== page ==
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Reviewed by:
  • War and State Building in Medieval Japan
  • Suzanne Gay (bio)
War and State Building in Medieval Japan. Edited by John A. Ferejohn and Frances McCall Rosenbluth. Stanford University Press, Stanford, 2010. xi, 180 pages. $60.00, cloth; $20.95, paper; $20.95, E-book.

From this book’s title, one expects an account of Japan’s two medieval shogunates and their systems of vassalage, with emphasis on conflict as the main vehicle of political change. Instead, the book offers a fresh rationale for Japan’s transformation from medieval to early modern times, utilizing comparative historical and political theories of European origin. An introduction and postscript contain the editors’ provocative if one-dimensional explanation for successful political and territorial consolidation in late sixteenth-century Japan. Between are six essays by historians of Japan who address “the choices made by lords and peasants throughout the medieval period and across different parts of Japan” (p. 11). These vary in the degree [End Page 124] to which they apply the editors’ theoretical framework, but each is illuminating in its own way.

John Ferejohn and Frances Rosenbluth first posit a theme of resistance, citing four groups that opposed political incorporation in medieval times: mountain dwellers, pirates plaguing coastal commerce, the “political arm of Buddhism” repelling the government’s encroaching territorial and jurisdictional authority, and the outer daimyō of Kyushu, Shikoku, and remote eastern Honshu who were finally defeated in 1600 at Sekigahara. In their geographical isolation and effective fighting techniques, the first group is likened to Swiss farmers who resisted domination by outside lords. Members of the second group are characterized as resisters preying on commercial ships rather than successful merchant mariner–sea lords in their own right, the more recent scholarly interpretation. At any rate, pirates do not figure again in the volume. The third group included any militarized element within Buddhism, from traditional monasteries like Enryakuji and Negoroji to the grass-roots Lotus and Ikkō leagues. The final of the four groups comprised the domainal lords on the losing side in the Battle of Sekigahara. In this chronologically capacious fashion, the editors identify resistant elements in medieval Japan.

Ferejohn and Rosenbluth further contend that, as in Europe, the emergence of the modern territorial state—e.g., the Tokugawa settlement—came about because “once widespread destruction reached an intolerable threshold, ordinary people were willing to pay for large armies” (p. 11), resulting eventually in territorial consolidation. Thus, farmers are assigned agency in a major political transformation, even as the editors acknowledge that farmers’ bargaining leverage varied considerably over time and place.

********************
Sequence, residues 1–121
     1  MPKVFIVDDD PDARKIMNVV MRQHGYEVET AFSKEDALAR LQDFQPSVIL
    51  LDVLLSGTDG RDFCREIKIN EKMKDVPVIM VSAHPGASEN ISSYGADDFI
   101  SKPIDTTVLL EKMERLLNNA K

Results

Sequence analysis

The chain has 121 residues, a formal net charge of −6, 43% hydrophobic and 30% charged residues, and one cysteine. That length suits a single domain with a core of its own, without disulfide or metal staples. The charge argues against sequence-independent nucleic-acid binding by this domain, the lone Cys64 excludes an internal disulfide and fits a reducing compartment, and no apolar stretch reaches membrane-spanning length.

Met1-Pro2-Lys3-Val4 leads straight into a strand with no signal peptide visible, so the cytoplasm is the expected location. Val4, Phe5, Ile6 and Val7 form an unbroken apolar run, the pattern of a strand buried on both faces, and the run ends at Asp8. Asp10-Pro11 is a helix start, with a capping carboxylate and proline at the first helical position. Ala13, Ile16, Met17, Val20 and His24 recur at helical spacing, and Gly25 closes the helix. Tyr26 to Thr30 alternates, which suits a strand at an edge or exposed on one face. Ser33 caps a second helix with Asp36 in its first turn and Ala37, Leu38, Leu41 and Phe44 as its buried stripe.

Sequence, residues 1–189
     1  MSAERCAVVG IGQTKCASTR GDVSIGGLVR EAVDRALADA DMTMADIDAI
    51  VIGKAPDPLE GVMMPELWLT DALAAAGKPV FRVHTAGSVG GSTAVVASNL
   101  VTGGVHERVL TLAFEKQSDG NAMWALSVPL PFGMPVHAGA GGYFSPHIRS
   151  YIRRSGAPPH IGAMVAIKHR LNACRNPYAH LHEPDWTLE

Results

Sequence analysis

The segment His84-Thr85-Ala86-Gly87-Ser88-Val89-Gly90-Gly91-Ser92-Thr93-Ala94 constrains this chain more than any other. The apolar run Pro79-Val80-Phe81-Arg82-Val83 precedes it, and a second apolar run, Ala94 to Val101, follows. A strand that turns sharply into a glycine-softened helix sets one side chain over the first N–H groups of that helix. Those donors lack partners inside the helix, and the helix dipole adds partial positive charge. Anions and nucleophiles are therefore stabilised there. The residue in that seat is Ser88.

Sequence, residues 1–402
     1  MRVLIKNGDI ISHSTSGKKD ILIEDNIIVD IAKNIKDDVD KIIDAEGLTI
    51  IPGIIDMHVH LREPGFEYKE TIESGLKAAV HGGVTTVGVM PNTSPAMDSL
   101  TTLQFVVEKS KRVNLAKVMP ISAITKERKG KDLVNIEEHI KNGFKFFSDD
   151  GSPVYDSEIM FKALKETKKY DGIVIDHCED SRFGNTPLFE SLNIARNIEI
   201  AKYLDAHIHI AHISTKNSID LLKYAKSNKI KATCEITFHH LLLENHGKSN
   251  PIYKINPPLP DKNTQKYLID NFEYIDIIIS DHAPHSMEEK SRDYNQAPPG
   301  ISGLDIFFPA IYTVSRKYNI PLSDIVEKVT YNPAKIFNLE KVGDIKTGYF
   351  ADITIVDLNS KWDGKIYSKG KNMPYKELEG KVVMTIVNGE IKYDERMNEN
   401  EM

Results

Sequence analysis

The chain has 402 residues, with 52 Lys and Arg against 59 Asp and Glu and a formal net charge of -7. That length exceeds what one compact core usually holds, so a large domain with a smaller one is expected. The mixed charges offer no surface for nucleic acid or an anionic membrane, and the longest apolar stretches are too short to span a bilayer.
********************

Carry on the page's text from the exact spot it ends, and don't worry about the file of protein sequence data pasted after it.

The first and sixth essays, by Karl Friday and Thomas Conlan respectively, focus on the warrior class and do not explicitly amplify the themes laid out in the introduction. Friday depicts the origins of the samurai as emerging from the imperial court in ancient times. He reminds us of the great power of the center to control and reshape the countryside, even as real power gradually shifted to locals. A clear explanation of the complex political and military reality of ancient Japan, this essay should be especially helpful to Europeanists either drawing parallels or positing contrasts. Conlan, examining late medieval warfare, plays down the significance of material technology such as firearms and instead emphasizes organizational technology—the ability to mobilize, train, and supply armies—as crucial to the eventual political consolidation of Japan. His analysis of data on wounds reveals that from theLnin War (1467–77) on, warriors served regularly in established bands as successful provincial governors extended their territorial rule. This is organizational technology harnessed for war, the building and maintaining of a regular fighting force. Conlan’s essay is focused on [End Page 125] aspects of making war from the top, but he does remind us that farmers were providing the necessary revenues, supplies, and manpower.

Essays by Susumu Ike and Tsuguharu Inaba are in close harmony with the editors’ farmer-centric perspective. Describing the great range of relationships between lords and retainers in medieval times, Ike characterizes life for ordinary rural people even before 1467 as “chaos,” rhetorically laying the groundwork for a “frustrated farmer” argument. From Masakado’s tenth-century rebellion through Hideyoshi’s unification attempts, he...